Ex-ministers claim that problems arising from fragmentation can only be seen with the benefit of hindsight, and yet lessons of hindsight were ignored. Hansard records that they were warned, at the time, of the very consequences that have arisen.


False foresight


Ministers forecast that the subsidy would fall. To make it easy, they did not set a real challenge by privatising rural routes first, but prioritised unsubsidised services, giving generous subsidies[13]. Now, ex-Ministers gloat, that some now pay a premium. Until they have repaid subsidies plus interest, they cannot claim to have matched BR. The east coast route had a £40m pa profit[14] and should have attracted a £40m premium from Day One, not a subsidy of £73m. GNER will have cause to boast when they have repaid past subsidies plus that £40m pa plus interest, and the premium exceeds £40m - all uplifted for inflation. Even then, their boast should be tempered with the fact that they want government to fund new rolling stock. Subsidies increased as operators threatened to pull out or close lines or stations.


Ministers forecast a massive inflow of investment. This was to be from the private sector that invests abroad, where they transferred production! There was no intention of State funding. Newcomers do not get value for money, as investment is wasted due to inadequate planning that led to new trains standing idle because fragmentation eliminated the liaison that ensured infrastructure was simultaneously modernised. Avoidable accidents, such as Hatfield, have written off BR investment long before life-expiry. Railtrack had grants when it was supposed to be self financing, and taxpayers are funding new rolling stock.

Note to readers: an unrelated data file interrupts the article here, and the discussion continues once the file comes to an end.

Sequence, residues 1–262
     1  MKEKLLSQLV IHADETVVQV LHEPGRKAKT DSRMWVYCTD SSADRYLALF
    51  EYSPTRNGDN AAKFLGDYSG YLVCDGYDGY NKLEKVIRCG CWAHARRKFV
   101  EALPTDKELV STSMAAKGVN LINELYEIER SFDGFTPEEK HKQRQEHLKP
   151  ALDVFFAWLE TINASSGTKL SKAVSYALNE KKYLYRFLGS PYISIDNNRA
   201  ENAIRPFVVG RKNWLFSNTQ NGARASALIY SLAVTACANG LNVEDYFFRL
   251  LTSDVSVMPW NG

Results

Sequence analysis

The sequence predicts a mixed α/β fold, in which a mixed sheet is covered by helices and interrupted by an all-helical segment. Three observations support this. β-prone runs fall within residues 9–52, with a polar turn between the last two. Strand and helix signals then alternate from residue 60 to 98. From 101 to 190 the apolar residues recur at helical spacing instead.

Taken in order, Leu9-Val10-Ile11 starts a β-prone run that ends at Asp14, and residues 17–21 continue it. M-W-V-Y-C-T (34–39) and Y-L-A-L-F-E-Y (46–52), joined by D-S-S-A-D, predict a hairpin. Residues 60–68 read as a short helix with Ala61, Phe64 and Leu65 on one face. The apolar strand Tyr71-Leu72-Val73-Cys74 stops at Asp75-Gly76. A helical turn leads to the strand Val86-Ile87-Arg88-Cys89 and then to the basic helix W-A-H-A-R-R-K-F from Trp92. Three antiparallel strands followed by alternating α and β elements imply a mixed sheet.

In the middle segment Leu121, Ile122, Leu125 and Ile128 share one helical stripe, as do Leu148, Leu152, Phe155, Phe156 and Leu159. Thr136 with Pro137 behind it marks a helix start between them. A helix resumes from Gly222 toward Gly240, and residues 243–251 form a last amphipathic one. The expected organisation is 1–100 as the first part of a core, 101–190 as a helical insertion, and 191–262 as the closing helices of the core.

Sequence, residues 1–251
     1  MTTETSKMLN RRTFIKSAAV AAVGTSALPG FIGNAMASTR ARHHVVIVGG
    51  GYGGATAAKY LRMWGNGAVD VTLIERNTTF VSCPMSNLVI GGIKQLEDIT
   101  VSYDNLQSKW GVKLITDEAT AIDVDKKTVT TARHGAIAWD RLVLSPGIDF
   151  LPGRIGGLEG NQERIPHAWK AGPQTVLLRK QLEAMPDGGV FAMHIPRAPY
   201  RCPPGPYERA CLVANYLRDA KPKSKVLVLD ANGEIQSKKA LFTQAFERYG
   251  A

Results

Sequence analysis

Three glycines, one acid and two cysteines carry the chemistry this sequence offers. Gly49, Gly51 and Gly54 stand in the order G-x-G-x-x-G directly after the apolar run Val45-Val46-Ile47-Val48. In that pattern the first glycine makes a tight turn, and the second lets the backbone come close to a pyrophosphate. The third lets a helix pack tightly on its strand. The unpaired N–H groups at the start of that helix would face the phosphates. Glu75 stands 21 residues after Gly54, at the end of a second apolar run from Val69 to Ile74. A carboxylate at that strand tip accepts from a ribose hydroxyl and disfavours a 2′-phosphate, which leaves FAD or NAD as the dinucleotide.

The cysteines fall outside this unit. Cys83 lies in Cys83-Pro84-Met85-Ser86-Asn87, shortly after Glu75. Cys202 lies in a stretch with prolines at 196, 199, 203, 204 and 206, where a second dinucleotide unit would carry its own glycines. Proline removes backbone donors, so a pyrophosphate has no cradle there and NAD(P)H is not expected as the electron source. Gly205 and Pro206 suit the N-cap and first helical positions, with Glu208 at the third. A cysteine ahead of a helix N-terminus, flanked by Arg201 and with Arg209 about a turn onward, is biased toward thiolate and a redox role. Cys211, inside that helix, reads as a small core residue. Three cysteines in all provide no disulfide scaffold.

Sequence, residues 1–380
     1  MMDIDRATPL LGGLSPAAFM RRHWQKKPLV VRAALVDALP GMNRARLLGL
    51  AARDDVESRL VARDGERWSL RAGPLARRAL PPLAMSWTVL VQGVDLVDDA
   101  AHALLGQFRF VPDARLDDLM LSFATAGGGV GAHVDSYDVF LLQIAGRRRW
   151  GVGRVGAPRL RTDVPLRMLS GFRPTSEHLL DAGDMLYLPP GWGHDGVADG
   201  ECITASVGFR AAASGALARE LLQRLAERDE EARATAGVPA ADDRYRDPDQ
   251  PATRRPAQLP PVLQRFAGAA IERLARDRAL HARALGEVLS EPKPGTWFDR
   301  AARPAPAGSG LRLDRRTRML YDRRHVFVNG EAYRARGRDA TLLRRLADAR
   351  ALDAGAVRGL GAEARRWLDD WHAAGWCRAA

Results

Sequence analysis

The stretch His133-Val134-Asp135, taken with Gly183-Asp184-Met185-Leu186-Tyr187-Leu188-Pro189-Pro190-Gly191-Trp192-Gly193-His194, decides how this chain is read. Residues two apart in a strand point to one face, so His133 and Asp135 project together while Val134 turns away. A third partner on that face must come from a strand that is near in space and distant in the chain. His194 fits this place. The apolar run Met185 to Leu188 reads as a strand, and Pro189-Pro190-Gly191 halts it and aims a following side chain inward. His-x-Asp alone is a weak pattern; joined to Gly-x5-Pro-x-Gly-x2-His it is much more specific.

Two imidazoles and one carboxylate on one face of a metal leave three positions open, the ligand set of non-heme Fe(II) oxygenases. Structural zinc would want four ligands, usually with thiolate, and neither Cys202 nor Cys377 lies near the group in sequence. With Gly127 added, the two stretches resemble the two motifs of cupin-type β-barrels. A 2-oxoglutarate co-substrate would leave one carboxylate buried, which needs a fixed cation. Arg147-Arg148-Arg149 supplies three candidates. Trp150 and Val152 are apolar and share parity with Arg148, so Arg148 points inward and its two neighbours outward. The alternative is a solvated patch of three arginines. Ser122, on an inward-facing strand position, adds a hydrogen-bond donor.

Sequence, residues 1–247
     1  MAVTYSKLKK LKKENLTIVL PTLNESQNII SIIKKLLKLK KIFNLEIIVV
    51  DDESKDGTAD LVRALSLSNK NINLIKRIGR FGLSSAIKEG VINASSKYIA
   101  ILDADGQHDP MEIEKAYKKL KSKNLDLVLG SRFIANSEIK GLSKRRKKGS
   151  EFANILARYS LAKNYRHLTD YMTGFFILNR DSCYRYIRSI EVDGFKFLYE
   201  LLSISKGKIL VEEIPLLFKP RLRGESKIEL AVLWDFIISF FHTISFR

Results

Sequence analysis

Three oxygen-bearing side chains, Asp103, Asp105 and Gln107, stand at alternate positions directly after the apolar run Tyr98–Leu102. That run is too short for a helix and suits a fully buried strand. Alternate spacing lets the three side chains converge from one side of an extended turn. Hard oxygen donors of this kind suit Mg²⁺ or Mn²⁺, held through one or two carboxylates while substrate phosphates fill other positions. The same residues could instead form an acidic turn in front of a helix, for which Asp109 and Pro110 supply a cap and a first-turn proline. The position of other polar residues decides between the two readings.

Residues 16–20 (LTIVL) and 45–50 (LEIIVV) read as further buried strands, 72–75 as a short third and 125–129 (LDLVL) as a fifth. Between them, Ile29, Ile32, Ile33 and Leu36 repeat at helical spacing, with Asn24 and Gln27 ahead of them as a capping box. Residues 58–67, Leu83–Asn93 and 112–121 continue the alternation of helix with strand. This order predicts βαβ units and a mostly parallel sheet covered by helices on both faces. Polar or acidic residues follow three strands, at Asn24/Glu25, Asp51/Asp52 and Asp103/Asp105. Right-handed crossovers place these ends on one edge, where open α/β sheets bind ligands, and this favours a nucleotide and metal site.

Ministers claimed that privatisation would end BR’s monopoly. Their predecessors admitted BR never had a monopoly [15]. Newcomers and the Franchising Director acknowledged external competition, which had long been obvious to BR.  


Ministers forecast fewer staff, ignoring regular reports by BR of economies.[16] contrast, government failed to cut civil service costs [17] the private sector threw in the towel and transferred production abroad. Hundreds of non-productive jobs have been created to oversee fragmented railways and settle disputes over costs, delays, accidents, etc.

Unhindered by “union power”, BR managers initiated thousands of productivity schemes that did not provide more pay. Had industry achieved as much, the UK would not be a net importer. Political hopes were dashed as newcomers exposed their ignorance, causing train cancellations by ill-conceived and unsustainable economies. Pay rise policies caused pay-leapfrogging and poaching of staff, leading to increased training costs. Railtrack badly mishandled its first pay-deal and caused an avoidable strike that cost BR - still then responsible for running all trains - an 8% drop in revenue. This proved an ill-wind, when the lower base became a benchmark to prove expansion under the private sector, judiciously ignoring recovery from recession!